Tales of the Rampant Coyote

Adventures in Indie Gaming!

The Rampant Coyote Wizardry 8 Commentary Archive

Posted by Rampant Coyote on September 15, 2011

A reader – let’s call him “Jeff” (since that’s his name), emailed me asking my opinion on Wizardry 8. He was curious about my thoughts since I called it an “Awesome but flawed game” in my interview at IndieRPGs.com.

Poor guy. Little did he know I had a boatload of commentary. It was how I thought I’d “save time” or something. Or rather, justify all the time I was spending playing the game.

In the interest of being lazy, I figured I’d semi-recycle those articles for the benefit of those who never read them almost three years ago when I was writing them. In short – I loved the game, but the length of the combats (even with the speed-up patch) really, really bugged me. I suspect that the game had it’s own version of auto-scaling to the player’s current level, and I managed to get myself up to a high enough level that it was sending me hard-to-kill Rapax by the dozens.

So here you go: The Complete Rampant Coyote Wizardry 8 Commentary Archive:

Part I: So a Samuari, a Valkyrie, and a Bishop Walk Into a Bar…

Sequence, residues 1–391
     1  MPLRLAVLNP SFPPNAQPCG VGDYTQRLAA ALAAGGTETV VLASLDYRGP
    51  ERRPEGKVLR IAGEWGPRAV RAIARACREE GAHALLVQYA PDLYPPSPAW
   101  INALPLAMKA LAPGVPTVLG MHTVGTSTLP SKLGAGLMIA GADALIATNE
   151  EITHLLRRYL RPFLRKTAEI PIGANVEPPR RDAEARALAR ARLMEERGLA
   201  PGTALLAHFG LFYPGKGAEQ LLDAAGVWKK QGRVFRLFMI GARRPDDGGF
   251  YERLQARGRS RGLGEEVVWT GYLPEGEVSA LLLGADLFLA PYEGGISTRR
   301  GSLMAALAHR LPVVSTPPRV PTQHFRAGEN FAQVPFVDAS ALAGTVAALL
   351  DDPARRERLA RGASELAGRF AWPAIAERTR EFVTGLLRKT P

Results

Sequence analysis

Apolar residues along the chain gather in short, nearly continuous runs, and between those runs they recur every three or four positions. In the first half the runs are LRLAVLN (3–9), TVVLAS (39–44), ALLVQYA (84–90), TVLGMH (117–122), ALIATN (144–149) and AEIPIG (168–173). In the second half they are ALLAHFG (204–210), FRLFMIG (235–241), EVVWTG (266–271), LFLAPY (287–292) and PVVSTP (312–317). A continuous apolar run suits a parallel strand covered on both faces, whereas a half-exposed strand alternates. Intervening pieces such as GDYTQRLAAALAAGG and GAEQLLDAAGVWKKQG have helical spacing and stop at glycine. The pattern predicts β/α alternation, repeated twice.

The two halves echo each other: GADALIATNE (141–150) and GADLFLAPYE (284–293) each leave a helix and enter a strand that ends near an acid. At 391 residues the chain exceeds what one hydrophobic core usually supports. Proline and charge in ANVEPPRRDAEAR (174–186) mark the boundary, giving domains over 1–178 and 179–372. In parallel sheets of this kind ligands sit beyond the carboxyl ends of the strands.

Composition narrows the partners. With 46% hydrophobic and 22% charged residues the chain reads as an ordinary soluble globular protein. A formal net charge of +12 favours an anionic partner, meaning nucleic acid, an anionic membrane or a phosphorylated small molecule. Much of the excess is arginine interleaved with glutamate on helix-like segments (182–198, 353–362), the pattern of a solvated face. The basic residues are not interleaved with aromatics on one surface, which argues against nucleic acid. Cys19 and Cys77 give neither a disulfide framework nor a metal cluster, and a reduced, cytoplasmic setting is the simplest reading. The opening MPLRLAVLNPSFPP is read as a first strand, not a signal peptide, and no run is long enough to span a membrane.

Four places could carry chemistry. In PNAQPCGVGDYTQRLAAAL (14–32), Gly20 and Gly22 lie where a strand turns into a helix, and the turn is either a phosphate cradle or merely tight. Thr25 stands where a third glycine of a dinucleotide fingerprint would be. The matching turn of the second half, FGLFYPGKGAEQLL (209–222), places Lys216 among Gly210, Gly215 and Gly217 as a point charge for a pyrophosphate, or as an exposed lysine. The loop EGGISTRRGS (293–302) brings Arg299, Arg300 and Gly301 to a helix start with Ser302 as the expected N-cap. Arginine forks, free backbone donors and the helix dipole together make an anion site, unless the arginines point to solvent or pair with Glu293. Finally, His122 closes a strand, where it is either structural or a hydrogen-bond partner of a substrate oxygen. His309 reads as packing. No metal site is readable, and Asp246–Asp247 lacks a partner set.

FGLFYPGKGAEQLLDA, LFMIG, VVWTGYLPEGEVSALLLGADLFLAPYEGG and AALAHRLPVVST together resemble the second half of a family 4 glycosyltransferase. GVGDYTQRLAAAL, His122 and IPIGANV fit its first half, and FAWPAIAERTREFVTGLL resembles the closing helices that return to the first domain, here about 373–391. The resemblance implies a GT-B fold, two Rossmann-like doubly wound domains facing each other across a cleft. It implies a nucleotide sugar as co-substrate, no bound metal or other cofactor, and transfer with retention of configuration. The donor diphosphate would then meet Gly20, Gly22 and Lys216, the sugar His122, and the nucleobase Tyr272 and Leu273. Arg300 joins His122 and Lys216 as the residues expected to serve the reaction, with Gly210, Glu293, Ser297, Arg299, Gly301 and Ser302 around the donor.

Part II: Running the Gauntlet
Part III: Vi Domina Tricks
Part IV: Arnika Bank – No Safer Than Under the Mattress
Part V: In Fear of Little Naked Winged Women
Part VI: Old-School Goes Old-School
Part VII: Ratts!
Part VIII: Dances With Rhinos
Part IX: My Duplicity Has a Price
Part X: Missing Men and Mutant Frogs
Part XI: Swimming With the Psi-Sharks
Part XII: Desperately Seeking Marten
Part XIII: Lucky Thirteen, Unlucky Rapax
Part XIV: Storming the Castle
Part XV: Can’t We All Just Get Along?
Part XVI: The Return of the Demon Goddess
Part XVII: Luke, I Am Your Daughter
Part XVIII: Wizardry 8 Parting Shots

While I’d wished I’d played this game when it was new, going back and playing it three years ago was like getting a nice drink of ice water after a desert march.  It was surprising even to me how much I’d missed this style of RPG,  even in the midst of creating such a game. Fortunately, indies are doing what they can to fill in the gap, though production quality may be just a tad behind the modern AAA standard… 😉

I would love to see this whole series released on GOG.COM. I paid more than retail price for Wizardry 8 on E-Bay, and it still didn’t come with a manual. Or the original box. I don’t know if I’d have the patience to persevere through the first four games, but I never played Wizardry 5, only barely played 6, and would like a cleaner way to play Wizardry 7 than I have now.